Malcolm Knowles is credited with coining the term ‘andragogy’, which has become synonymous with the education of adults. From 1980 – 1984 he proposed 6 assumptions regarding adult learning. Using these assumptions, I thought about my recent (and not-so-recent) experiences in the classroom as a student, and reflected on what I valued as an adult learner. Some of the things I felt most strongly about as an adult student included:
Self-concept: As a person matures his/her self-concept moves from one of being a dependent personality toward one of being a self-directed human being
While I certainly feel more independent and self-directed as an adult learner, I have found the approach of self-evaluation has been a big challenge for me, as I find sometimes find it easier to be critical rather than feeling like I’m ‘Tooting my own horn’. My goal for the evaluation component of this course is to try to come up with concrete examples of what I feel I’ve excelled at this course, as well as honest, accurate feedback as to what I feel I could do better.
Adult Learner Experience: As a person matures he/she accumulates a growing reservoir of experience that becomes an increasing resource for learning.
This was very apparent to me in my most recent training, an Instructor Skills Workshop. As part of the workshop the class was required to teach three mini-lessons. The class as a whole drew not only from their educational training, but also their life experience. There were lessons that reflected some individuals chosen career path (IT Security, marketing, engineering), as well as hobbies or personal interests (Taekwondo, date growing, concussion prevention). Through the duration of the workshop, it became quite apparent that people were able to both instruct (and learn) from their individual learning experiences.
Readiness to Learn: As a person matures his/her readiness to learn becomes oriented increasingly to the developmental tasks of his/her social roles.
In my experience as an adult learner, I relate strongly to this. Over my working career I have been employed in many different fields, including business, social services, and most recently Information technology. As my career in IT has changed from a support role to a supervisory role, my focus on learning has shifted from technical-based (network, server, security) to a more leadership and soft-skills based education (project management, leadership skills, service management and delivery).
Orientation to Learning: As a person matures his/her time perspective changes from one of postponed application of knowledge to immediacy of application, and accordingly his/her orientation toward learning shifts from one of subject- centeredness to one of problem centeredness.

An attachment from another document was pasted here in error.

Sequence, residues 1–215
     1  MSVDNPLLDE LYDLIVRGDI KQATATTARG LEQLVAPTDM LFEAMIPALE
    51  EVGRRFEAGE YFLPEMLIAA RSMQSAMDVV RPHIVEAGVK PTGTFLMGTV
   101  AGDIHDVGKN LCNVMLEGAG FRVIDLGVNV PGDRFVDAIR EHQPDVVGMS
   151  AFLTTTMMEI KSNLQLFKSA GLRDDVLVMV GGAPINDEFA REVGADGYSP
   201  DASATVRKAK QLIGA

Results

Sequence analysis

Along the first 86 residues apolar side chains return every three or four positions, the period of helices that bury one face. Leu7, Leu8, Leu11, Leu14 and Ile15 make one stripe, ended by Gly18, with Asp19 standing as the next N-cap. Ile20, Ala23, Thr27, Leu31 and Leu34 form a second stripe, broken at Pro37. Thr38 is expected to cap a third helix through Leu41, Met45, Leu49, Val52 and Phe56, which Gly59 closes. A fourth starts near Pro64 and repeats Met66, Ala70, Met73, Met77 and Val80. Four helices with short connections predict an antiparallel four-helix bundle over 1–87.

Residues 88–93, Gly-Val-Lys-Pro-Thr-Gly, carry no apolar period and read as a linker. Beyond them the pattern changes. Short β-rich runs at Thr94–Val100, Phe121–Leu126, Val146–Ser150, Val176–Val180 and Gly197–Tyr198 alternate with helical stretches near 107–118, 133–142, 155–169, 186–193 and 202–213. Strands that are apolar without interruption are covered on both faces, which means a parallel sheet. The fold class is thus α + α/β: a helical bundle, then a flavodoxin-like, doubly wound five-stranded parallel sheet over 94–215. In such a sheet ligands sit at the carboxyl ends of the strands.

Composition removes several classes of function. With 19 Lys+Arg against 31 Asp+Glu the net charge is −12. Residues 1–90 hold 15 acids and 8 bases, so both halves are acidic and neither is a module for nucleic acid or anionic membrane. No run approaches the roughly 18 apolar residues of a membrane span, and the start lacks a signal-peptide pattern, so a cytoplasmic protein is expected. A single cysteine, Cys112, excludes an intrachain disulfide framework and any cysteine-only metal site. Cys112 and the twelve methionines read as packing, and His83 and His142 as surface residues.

As an adult learner, I find that my desire to learn is primarily based on how applicable the topic is to my day-to-day work or home life. Will this subject matter enhance my existing skill sets in some way, or teach me something new that I have an existing or new requirement to know? I recently was required to have a surgical procedure and in the weeks leading up to the procedure I spent a considerable amount of time learning about the surgery, the latest scientific developments in the surgery, as well as potential complications. My knowledge in the specific area quickly became vast enough that when questioning the surgeon I brought up new advancements that the hospital staff had not yet been trained in or availed of.
Motivation to learn: As a person matures the motivation to learn is internal, rather than external.
This assumptions is pretty well illustrated by some of the above reflections. Why do you want to learn? Personal growth? To better your career or possibly create new job opportunities? Due to a new need or requirement in your life? While not all learning as an adult is driven by internal motivation, being able to recognize the value of the learning can make the learning opportunity more rewarding and effective.
Rationale for learning: Adults need to understand the reason for leaning a topic.
Associated with the motivation for learning is the rationale for why we learn. Adult learners desire to know why the learning is required, as well as how the learning will be applied. I find this resonates very strongly in how I approach learning as an adult. If I can see a value in the need to learn something I am MUCH more likely to show interest, work hard, feel engaged, and show that interest by asking questions. Conversely, if I see no value in the learning opportunity or feel a lack of engagement, I find myself distracted, not interested and generally feel the opportunity is a waste of my time.
Looking at the above, it’s easy to see how important it is for the instructor to recognize the characteristics of the adult learner in order to be able to tailor coursework that will give value to, as well as engage the adult learner.